Safe spaces and trigger warnings at CSUN


Photo credit: Julienne Shih

Joanna Bautista

Safe spaces and trigger warnings will no longer be offered at the University of Chicago, according to an article by the Chicago Tribune.

Earlier in the semester, University of Chicago sent a letter to its incoming freshman class announcing that they will no longer offer students trigger warnings for sensitive topics or safe spaces as a way to promote free speech on their campus, according to the article.

CSUN however, does offer trigger warnings and safe spaces for their students through professors and resources offered around campus.

One safe space that can be found on campus is the Pride Center. People of the LGBTQ community visit the Pride Center because it is a location that is judgment free and a place where they can feel safe on campus.

“When I first read [the article], it seemed like a big statement that made it seem like they don’t care about their students,” said Ron Villarreal, an employee at the Pride Center.

Trigger warnings are used as a precaution to make sure students and other people are not put in uncomfortable positions depending on the subject that is being discussed.

“I feel like they have a lack of understanding on how important trigger warnings are,” said Villarreal.

Villarreal also said that trigger warnings are not a bad thing, they are a cautionary action to prevent people from getting hurt.

“Trigger warnings aren’t restricting free speech, they are just giving a warning,” said Rain Bernal, the Pride Center Student Assistant.

Dr. Elizabeth Blakey, a professor in the journalism department that teaches about the First Amendment and free speech said, “Free speech includes the right to say something, but it also includes the right to not listen.”

Blakey said that students should be aware that the First Amendment allows them to speak on what they want and it also allows them to not listen to a topic they are uncomfortable with, so they can get up and leave if they do not want to feel uncomfortable.

When Blakey teaches, she warns her students ahead of time of trigger warnings, depending on the situation. She said she once had a woman in class that asked if she could step out of the room if the subject of sexual harassment ever came up in class again.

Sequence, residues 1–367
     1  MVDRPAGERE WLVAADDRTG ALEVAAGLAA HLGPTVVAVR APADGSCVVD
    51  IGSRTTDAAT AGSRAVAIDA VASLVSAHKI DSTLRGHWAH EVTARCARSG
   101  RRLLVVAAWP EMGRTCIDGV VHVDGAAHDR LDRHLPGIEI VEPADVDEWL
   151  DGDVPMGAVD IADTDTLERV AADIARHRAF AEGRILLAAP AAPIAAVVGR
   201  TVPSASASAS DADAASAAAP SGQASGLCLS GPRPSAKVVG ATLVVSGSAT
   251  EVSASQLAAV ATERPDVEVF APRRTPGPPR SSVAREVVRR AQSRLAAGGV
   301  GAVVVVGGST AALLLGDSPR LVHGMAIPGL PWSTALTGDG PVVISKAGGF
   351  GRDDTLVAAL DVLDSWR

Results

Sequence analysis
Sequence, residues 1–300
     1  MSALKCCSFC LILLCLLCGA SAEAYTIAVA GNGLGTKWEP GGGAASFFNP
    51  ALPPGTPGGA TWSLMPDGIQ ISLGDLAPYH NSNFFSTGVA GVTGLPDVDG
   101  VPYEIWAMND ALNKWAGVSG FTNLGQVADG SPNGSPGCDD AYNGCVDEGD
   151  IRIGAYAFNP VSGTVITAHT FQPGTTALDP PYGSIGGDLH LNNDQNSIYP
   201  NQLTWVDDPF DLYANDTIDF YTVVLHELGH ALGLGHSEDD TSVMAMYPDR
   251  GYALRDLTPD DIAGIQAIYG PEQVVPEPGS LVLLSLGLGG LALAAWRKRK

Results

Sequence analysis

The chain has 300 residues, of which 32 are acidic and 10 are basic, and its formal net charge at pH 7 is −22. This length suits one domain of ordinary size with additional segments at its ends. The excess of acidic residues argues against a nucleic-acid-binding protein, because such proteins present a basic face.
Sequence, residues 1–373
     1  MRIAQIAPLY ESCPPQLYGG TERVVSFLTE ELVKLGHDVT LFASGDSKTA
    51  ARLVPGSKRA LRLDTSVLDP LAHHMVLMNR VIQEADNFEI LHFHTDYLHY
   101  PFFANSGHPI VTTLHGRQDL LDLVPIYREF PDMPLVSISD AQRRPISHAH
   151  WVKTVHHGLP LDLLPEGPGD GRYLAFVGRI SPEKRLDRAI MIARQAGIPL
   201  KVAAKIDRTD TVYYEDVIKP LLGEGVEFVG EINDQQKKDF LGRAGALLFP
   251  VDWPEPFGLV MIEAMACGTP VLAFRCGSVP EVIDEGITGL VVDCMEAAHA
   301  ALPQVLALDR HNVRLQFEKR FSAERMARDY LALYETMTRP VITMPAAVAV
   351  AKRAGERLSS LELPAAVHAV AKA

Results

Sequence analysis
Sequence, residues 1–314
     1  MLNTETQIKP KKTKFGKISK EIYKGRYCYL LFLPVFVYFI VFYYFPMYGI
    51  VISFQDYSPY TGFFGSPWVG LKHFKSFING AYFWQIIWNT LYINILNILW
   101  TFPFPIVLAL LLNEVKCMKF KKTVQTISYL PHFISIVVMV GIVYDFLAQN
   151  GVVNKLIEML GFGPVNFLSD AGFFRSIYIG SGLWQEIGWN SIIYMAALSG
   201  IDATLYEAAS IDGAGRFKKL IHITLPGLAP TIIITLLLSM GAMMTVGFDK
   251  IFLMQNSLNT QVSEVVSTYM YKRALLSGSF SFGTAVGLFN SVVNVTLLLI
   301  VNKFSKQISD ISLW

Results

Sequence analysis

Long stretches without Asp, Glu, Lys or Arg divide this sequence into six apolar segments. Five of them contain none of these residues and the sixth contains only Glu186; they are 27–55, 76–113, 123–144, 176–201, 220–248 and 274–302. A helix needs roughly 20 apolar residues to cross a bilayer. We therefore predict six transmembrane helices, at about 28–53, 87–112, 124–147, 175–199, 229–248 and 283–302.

“In class, I show a clip of The Book of Eli and I tell my students that they can step out of the room if they are uncomfortable because it is very violent,” said Blakey.

Since the University of Chicago is a private school, Blakey said they can make any rules they want regarding free speech.

Letter sent to University of Chicago students about the end of safe spaces and trigger warnings.  Credit: Corruption Now Twitter
Letter sent to University of Chicago students about the end of safe spaces and trigger warnings.
Credit: Corruption Now Twitter

Blakey said she believes her students think of her office and classrooms as safe spaces because she encourages her students to express their thoughts.

“I do encourage my students to talk about anything,” said Blakey. “I’ve had students come into my office and talk about financial topics, about being homeless, and personal issues.”

Even though Blakey encourages free speech, she does have some restrictions.

“I usually tell my students at the beginning of the semester that we allow free speech, but I don’t allow swearing,” said Dr. Blakey. “They have to be civil.”

The University of Chicago believes that by getting rid of trigger warnings and safe spaces, it will create a welcoming campus for all backgrounds.

Students like Bernal and Villarreal said they understand where the University of Chicago is coming from, but they also know how important trigger warnings and safe spaces are for people of all backgrounds.

“I feel like it goes to show how colleges don’t see it as important for their students,” said Villarreal.